The classroom connectectivity gap is now closed

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Ninety-nine percent of America’s schools now have high-speed broadband connections capable of providing enough bandwidth to enable their students and teachers to use technology in the classroom. 46.3 million students and 2.8 million teachers in 83,000 schools have the Internet access they need for digital learning. This success is due to the collaborative effort of governors in all 50 states along with federal policymakers, service providers and school districts. These key stakeholders came together with the common goal of increasing bandwidth to allow students to truly take advantage of the educational possibilities that come with digital learning, and the progress is already paying off. 93 percent of school districts are using digital learning in at least half of their classrooms every week and 85 percent of teachers and principals support the increased use of digital learning in their schools. More highlights from the report:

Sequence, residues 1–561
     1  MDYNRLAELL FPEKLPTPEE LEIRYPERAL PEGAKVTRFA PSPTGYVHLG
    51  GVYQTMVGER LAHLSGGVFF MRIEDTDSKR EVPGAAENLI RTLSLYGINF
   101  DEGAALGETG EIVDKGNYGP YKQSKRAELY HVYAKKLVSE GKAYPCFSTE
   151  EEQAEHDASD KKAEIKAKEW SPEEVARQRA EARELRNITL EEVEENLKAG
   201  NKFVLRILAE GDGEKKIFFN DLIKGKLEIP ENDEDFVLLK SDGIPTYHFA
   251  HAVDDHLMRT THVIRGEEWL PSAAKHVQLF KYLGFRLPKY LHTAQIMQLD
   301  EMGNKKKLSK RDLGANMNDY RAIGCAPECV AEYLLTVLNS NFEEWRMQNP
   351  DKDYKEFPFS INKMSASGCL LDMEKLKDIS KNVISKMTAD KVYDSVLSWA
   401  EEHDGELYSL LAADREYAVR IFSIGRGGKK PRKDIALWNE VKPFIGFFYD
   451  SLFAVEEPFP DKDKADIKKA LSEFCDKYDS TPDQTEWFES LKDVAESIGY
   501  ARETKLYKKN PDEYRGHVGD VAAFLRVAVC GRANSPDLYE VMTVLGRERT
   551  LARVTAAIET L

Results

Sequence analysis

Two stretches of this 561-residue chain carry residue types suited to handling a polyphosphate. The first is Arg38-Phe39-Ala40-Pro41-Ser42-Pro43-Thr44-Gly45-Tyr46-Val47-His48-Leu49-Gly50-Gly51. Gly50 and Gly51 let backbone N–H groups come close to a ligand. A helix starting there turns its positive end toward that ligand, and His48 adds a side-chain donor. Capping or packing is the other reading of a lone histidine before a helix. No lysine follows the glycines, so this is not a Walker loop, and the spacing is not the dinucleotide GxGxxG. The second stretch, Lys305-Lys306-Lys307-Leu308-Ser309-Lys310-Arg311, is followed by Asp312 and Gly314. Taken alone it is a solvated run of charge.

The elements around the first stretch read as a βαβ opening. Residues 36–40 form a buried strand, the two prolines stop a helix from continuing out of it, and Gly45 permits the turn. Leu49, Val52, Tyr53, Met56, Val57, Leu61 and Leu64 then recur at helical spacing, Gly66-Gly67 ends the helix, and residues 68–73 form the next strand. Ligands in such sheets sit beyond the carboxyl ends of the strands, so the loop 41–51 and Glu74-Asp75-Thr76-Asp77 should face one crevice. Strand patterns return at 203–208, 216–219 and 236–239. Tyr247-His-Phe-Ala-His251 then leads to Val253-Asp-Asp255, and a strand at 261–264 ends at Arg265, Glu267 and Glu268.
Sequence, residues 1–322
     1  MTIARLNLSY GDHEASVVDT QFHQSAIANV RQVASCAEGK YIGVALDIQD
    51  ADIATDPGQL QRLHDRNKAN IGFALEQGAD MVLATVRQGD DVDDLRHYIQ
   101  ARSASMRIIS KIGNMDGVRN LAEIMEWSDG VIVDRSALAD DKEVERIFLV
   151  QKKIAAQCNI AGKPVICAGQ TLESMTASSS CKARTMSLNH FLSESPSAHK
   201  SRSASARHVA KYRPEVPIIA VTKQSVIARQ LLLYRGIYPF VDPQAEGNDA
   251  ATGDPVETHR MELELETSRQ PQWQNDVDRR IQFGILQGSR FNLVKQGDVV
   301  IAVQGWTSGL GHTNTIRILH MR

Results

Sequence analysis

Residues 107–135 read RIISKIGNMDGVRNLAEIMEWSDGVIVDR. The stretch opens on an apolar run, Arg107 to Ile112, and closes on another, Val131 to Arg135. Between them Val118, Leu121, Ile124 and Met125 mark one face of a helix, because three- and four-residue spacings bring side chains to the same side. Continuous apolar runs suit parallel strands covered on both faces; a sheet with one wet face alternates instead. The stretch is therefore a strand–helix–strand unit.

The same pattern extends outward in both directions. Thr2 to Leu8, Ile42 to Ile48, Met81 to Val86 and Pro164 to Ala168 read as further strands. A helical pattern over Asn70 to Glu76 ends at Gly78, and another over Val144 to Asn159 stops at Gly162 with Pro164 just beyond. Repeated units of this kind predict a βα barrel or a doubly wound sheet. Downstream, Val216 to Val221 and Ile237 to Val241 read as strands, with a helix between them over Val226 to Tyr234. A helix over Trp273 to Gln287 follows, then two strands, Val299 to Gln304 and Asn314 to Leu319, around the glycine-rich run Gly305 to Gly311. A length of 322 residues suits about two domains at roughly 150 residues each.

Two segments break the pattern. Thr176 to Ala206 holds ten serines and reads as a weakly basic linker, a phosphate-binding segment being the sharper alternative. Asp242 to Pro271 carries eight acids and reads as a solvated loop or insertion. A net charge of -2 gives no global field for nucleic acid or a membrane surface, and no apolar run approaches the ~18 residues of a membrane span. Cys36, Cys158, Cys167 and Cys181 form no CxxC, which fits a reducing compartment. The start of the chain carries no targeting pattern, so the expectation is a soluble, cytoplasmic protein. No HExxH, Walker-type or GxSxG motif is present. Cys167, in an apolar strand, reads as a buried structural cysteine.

• The number of students who have access to broadband at the Federal Communications Commission’s original goal of 100kbps per student has increased from 4 million in 2013 to 46.3 million today.
  • The median cost of Internet access for schools has declined from $22 per Mbps to just $2.25 since 2013.
  • Since 2015, school districts have invested nearly $5 billion in K-12 Wi-Fi networks.
  • 99 percent of America’s K-12 public schools have the fiber-optic connections needed to meet future connectivity needs.

The classroom connectectivity gap is now closed